Web disclosure rule challenges status quo

Though companies are still in a 'wait and see' mode, the SEC's move to allow disclosure through Web sites could have a lasting effect on newswires

When the SEC issued interpretive guidance on August 1 outlining the ways companies can use their corporate Web sites for the dissemination of material information (including earnings), the immediate response from newswires was both strong and measured.

“Wait-and-see” still seems to be the popular approach. All newswires stand behind the continued value that their services provide. Business Wire (BW) reasserted the belief that the “spirit of Reg FD” required a level of full and fair disclosure that cannot be achieved on a company's Web site and sees this as just the evolution of the industry.

“We feel that [our] proposition is still solid,” says Tom Becktold, SVP of marketing at BW. “For an individual company to replicate [our services], it wouldn't be easy or technically possible. It just seems to be another step in the process of using the Internet.”

While the full effect of the guidance has yet to be determined, it clearly signals another shift in the newswire industry's landscape. The 50-plus-year history of newswires has seen the advent of the Web 2.0 technologies that have revolutionized the way information is shared. But the past eight years of Reg FD placed newswires in a critical, federally mandated position with its clients. With companies rethinking their communications practices, newswires will likely see that position change.

As companies still learn about the guidance and weigh their options, the newswires aren't rushing to make any changes to their offerings.

“We're already at a point where PR Newswire (PRN) is much more of a platform for the distribution of content – all sorts of content – to audiences like consumers [and] bloggers, as well as traditional media and investors,” says Dave Armon, president of PRN.

Thom Brodeur, SVP of global strategy and development for Marketwire, says, “We've committed to our clients that as this guidance becomes a little more clear, we'll be there as a partner to help.”

All three newswires point to advancements in their service offerings: BW's patented NX delivery system, which it says offers to-the-second simultaneity; PRN's MediaRoom service, which hosts interactive media sites for clients; and Marketwire's use of HTML platforms, XML technology, and RSS feeds.

Capabilities notwithstanding, companies now have the option to reconsider the role newswires play in their communications efforts.

“All information should be readily available on a company's Web site,” says Albert Lopez, VP of strategic communications for Ticketmaster, which recently began trading independently from Internet conglomerate IAC. Lopez says Ticketmaster has used PRN and GlobeNewswire (formerly PrimeNewswire).

“We intend to... provide all relevant news and information not just on our IR site, but in the company's media center – presentations, all multimedia, news releases, public proclamations of any shape or form,” he adds.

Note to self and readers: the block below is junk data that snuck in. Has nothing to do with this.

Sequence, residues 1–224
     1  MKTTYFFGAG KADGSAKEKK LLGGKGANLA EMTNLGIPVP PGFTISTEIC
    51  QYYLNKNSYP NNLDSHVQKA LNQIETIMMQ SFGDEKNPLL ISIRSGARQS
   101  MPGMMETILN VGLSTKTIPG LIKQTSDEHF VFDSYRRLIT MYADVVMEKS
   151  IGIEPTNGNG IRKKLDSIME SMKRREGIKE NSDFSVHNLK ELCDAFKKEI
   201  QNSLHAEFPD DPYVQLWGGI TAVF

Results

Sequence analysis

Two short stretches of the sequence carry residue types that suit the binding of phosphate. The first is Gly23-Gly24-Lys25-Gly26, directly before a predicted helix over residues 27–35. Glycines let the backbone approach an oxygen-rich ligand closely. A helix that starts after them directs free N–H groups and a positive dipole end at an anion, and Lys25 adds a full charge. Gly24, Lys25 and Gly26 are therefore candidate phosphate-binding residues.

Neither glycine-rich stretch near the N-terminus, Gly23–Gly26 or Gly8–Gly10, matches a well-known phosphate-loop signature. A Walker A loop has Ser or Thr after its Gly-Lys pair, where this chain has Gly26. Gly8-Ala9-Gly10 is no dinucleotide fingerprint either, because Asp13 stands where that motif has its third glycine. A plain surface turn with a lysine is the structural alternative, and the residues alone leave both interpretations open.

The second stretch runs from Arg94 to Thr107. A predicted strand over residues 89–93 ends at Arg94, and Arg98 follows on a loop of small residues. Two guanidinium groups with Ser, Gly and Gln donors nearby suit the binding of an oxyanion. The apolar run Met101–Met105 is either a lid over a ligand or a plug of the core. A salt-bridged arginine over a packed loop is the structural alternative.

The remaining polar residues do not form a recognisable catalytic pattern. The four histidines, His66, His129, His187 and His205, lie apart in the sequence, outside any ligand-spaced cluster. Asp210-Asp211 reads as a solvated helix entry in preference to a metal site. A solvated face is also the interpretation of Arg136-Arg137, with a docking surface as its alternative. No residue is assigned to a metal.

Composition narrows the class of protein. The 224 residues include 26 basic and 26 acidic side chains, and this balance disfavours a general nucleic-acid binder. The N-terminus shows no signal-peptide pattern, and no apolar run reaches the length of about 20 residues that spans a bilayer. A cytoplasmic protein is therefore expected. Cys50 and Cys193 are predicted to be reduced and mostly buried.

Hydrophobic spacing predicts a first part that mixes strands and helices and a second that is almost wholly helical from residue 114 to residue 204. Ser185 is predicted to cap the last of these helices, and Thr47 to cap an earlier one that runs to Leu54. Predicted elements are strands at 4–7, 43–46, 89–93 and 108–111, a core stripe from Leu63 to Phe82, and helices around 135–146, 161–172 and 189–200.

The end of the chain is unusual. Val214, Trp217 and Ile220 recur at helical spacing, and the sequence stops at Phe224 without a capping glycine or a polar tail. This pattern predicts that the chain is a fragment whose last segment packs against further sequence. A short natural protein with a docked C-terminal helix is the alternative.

Lopez says Ticketmaster will still use newswires to “get every bit of exposure we need” with media outlets, but points to “information democratization” as a guiding principle behind use of the company Web site.

A matter of size
Reaching maximum exposure is of particular concern for smaller companies. Wausau Paper, a company with about $1.3 billion in annual sales, uses BW for disclosure and other company information.

“We will continue to use as many vehicles as we can,” says Perry Grueber, director of IR for Wausau. “For large companies with large sell-side followings, perhaps their Web site can play an even more critical role. But we are still trying to raise awareness of our company on the Street.”

To reach that goal, however, Grueber sees the advantages of a more robust use of the corporate Web site.

“It's hard for me to imagine that we would completely move away from wire distribution, but I like the fact that information I place on the Web is now taken with similar weight in the marketplace as information I distribute through a press release,” he says. “It's more cost-effective to distribute a press release to direct people to our Web site. I see it as an advantage potentially to a company my size.”

The newswires maintain that their costs are affordable.

“Regardless of the size of the company, the overall slice [of the budget] for distribution is small,” says Brodeur.

“When you think about what small and midsize businesses have to spend to be compliant, they're spending significantly more money than what they would ever spend with Marketwire, Business Wire, and PR Newswire on distribution.”

GlobeNewswire occupies a unique place in the newswire industry because it's a Nasdaq OMX company. (Companies listed on the exchange are not required to use the service, according to company representatives.) While the rules may have changed, the company's position hasn't, according to Jeff Stacey, senior MD with Nasdaq OMX.

“The role of trusted intermediary will continue even with the new initiatives from the SEC,” he says. “[The SEC is] not discounting the importance of press releases or the trusted relationship we have as an intermediary. [It is] recognizing that the corporate Web site is part of the multidimensional strategy of communicating a company's message.”

Technology aside, being part of that multifaceted strategy will prove to be the key newswire capability.

“Change is coming, change is here, change is happening,” says Lopez. “The right way is [for them] to embrace change and figure out how to be relevant in that value chain.”

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